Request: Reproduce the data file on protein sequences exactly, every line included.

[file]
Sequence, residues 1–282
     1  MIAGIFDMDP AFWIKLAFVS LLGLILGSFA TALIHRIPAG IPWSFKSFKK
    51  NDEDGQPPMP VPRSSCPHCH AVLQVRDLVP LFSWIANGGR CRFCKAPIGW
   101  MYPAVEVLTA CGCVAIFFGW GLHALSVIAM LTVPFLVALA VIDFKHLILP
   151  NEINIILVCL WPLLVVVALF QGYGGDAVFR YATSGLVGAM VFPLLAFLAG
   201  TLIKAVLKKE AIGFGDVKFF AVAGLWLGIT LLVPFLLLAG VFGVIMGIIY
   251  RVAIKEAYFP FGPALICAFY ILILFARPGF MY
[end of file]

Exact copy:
Sequence, residues 1–282
     1  MIAGIFDMDP AFWIKLAFVS LLGLILGSFA TALIHRIPAG IPWSFKSFKK
    51  NDEDGQPPMP VPRSSCPHCH AVLQVRDLVP LFSWIANGGR CRFCKAPIGW
   101  MYPAVEVLTA CGCVAIFFGW GLHALSVIAM LTVPFLVALA VIDFKHLILP
   151  NEINIILVCL WPLLVVVALF QGYGGDAVFR YATSGLVGAM VFPLLAFLAG
   201  TLIKAVLKKE AIGFGDVKFF AVAGLWLGIT LLVPFLLLAG VFGVIMGIIY
   251  RVAIKEAYFP FGPALICAFY ILILFARPGF MY